Separate names with a comma.
Discussion in 'Off-topic' started by Malum Prohibitum, Jan 28, 2017.
Circumcision, yes or no, and why do you give the answer that you do?
Female genital mutilation? I'm all for it, it keeps things cleaner and reduces the tendency for masturbation.
I say "no" although I have not researched it.
I understand that it's not medically necessary, and any "problems" with infection under the foreskin are rare and easily treatable.
My father was not circumcised, being born at home on a farm in the 1920s and delivered by his dad. No doctor, no nurse, no trained midwife. Just the family and older kids assisting.
He didn't have any problems, as a kid or as an adult later.
He didn't report any women being freaked out at the sight of it and kicking him out of their beds!
Is circumcision terrible? No. Will the kid be traumatized by life for having it done? No, I don't think so.
IF it benefited the boy to be circumcised, medically or socially, or spiritually, I'd say "do it" even if it's painful to the kid for a day, or a few days.
But I don't think it benefits boys medically, socially, or spiritually.
I'm against it. It discourages it (sort of like getting married).
I didn't even know I had been circumcised until I started to date my college girlfriend. She was from Tel Aviv, Israel. She was also deaf and used sign language (she signed in Hebrew). She kept asking me, in sign, if I had been circumcised - except I did not understand what she was asking. She kept making a sign where she used one thumb to circle her other thumb and then motion like she was taking the upper part of the thumb off. I thought she was asking if the knob on my penis had been surgically removed. My answer, at the time was "Not just no, but hell no".
I did not walk for a year
This had me literally laughing out loud.
Nope. Me and mine are complete pricks. Being born in the U.K. Is not the norm to get snipped unless for religious reasons.
And for a laugh which is surprisingly accurate:
My dad had to have it done for medical reasons at about age 60, and it was a decidedly unpleasant experience. According to his doctor, it wasn't an unusual thing to have to have done, either. I was circumcised as a baby, and so was my son. Neither of us will have to deal with that unpleasantness later in life.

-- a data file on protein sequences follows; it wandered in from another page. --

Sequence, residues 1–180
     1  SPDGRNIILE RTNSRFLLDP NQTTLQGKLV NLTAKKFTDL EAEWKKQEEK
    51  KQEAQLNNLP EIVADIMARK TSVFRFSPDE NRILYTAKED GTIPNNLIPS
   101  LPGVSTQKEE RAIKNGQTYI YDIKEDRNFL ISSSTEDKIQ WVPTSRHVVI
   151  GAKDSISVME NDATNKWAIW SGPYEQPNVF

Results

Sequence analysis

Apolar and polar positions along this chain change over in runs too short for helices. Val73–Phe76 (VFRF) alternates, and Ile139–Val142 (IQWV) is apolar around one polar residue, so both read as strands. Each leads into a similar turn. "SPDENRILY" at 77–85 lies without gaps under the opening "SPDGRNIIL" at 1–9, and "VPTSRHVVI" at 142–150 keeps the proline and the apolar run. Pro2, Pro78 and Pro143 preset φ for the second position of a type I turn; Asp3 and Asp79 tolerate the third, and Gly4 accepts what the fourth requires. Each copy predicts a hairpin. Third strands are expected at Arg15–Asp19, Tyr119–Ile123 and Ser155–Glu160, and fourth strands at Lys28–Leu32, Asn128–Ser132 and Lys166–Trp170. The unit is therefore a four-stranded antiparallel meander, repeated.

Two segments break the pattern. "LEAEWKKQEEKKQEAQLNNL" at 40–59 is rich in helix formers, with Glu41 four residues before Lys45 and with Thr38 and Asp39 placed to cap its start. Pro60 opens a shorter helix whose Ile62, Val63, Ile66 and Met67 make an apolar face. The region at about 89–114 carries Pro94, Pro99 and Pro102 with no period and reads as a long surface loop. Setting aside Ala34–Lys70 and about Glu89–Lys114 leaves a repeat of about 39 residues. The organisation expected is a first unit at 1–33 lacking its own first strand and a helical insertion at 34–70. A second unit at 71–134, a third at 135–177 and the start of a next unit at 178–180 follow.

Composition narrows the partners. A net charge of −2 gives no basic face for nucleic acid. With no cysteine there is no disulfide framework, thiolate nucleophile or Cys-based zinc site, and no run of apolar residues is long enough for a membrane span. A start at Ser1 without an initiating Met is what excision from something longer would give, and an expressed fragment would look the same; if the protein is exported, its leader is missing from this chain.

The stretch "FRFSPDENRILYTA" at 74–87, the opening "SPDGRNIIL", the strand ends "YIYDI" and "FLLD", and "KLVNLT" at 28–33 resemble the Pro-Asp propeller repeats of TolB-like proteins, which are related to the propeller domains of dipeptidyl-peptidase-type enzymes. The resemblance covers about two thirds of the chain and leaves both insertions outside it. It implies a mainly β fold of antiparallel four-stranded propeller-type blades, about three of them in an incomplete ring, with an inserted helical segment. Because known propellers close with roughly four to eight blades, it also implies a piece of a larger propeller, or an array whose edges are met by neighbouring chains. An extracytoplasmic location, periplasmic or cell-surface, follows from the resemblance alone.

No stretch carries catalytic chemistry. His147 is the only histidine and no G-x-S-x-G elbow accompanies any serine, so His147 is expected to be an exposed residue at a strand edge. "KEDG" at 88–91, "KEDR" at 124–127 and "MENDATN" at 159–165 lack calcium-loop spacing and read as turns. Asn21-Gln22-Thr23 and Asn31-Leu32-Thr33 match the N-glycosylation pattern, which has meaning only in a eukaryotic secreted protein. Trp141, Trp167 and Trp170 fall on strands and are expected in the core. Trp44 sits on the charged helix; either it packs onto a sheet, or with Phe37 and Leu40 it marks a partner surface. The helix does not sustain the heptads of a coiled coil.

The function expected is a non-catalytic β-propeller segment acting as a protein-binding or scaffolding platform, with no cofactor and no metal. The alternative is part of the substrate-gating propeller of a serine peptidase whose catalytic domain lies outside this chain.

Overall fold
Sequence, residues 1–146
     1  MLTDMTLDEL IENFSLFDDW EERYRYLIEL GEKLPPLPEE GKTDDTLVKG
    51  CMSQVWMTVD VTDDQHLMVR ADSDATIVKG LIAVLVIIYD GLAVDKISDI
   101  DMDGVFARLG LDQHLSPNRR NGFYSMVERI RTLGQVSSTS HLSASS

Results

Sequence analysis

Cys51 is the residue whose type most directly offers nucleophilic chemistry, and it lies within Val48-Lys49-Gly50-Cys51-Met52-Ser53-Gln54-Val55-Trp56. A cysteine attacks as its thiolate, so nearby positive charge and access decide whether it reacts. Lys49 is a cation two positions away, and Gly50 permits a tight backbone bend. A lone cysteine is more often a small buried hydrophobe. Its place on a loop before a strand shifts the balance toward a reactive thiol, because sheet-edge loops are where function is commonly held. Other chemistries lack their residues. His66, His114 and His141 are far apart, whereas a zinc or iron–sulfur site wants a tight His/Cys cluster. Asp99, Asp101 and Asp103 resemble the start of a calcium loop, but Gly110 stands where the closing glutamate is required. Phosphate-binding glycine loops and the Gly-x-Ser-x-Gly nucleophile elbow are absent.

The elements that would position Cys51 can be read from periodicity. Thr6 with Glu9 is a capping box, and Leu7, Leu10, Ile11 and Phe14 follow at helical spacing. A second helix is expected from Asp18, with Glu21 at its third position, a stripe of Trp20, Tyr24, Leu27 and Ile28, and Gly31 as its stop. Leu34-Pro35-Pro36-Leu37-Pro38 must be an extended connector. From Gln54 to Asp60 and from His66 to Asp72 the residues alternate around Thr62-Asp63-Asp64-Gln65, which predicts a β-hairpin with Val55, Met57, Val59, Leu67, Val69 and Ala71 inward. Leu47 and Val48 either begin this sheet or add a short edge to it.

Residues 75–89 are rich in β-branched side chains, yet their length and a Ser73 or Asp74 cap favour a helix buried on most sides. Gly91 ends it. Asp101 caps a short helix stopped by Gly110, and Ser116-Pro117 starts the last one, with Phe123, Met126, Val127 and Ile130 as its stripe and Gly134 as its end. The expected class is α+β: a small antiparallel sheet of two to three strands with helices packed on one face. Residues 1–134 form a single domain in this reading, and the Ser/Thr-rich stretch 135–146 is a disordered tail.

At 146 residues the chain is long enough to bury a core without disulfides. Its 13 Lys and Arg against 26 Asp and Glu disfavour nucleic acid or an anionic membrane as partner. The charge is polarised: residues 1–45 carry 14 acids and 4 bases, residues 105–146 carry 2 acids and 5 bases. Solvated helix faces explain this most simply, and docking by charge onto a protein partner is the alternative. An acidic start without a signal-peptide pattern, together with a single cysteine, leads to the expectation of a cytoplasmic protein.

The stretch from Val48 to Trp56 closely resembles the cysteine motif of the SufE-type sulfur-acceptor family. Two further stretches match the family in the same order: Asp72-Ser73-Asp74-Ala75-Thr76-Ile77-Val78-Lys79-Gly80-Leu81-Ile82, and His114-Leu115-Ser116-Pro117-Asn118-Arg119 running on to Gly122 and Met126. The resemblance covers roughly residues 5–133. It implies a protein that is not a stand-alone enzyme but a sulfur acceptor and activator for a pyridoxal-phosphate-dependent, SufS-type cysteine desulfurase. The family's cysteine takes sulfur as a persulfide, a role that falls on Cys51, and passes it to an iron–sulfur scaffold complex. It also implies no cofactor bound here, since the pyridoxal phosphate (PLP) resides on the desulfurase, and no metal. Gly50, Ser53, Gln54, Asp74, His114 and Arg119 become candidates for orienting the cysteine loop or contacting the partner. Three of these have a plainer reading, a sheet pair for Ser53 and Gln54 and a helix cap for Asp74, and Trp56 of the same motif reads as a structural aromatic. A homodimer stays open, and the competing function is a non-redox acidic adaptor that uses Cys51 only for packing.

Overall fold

I was circumcised, and I didn't walk or talk for over a year afterward.
My son was born 14 weeks premature at 26 weeks. He was born having problems with a septal heart defect, PDA, anemia, high bilirubin, and a grade 2 and grade 4 brain bleed. In addition to having probes and needles stuck in him six ways from Sunday, being intubated and having a feeding tube run up in his nose and not to mention his little head having to be cut open to put in a ventricular access device to drain the fluid off his brain from the brain bleed. I was not going to subject him to any further invasive procedure that could inflict more pain or an additional chance of infection.
When he gets older, if he decides he wants to have one, then I will take him to have one. It will also be a good chance to instill a lesson about decision making that with some decisions you make, the outcome is permanent.
Adam ruined a very important part of my life. If I were a liberal I would be offended and have to go protest him.
I actually told her "I'm not doing that ... nope. You will just have to find another boyfriend."
I'm against it for either gender until the individual decides they want it for themselves.
I hear 99% of males who have it done can't walk or talk for around a year after it's done.
Legacy beat you to that joke. Post #10.
Must be nice to work at a sheriff's department and have free time to make dick jokes.
Well, I didn't walk for a year or so later either!
No. Bring the—whole—baby home, as nature intended.
I've never forgotten the botched circumcision case at Northside Hospital back in 1985.
That thought was on my mind when the female OBGYN asked me if I wanted my son circumcised. I politely edited my response before telling her NO.
There is no solid medical reason to circumcise any healthy infant. A few adult men may need to have it done later in life for medical conditions related to age or past poor hygiene, but that's no reason to have it done on a wholesale basis for infants.
If you're going to have it done, have it done by a skilled surgeon that uses a scalpel blade and not one of those high-powered electric tools.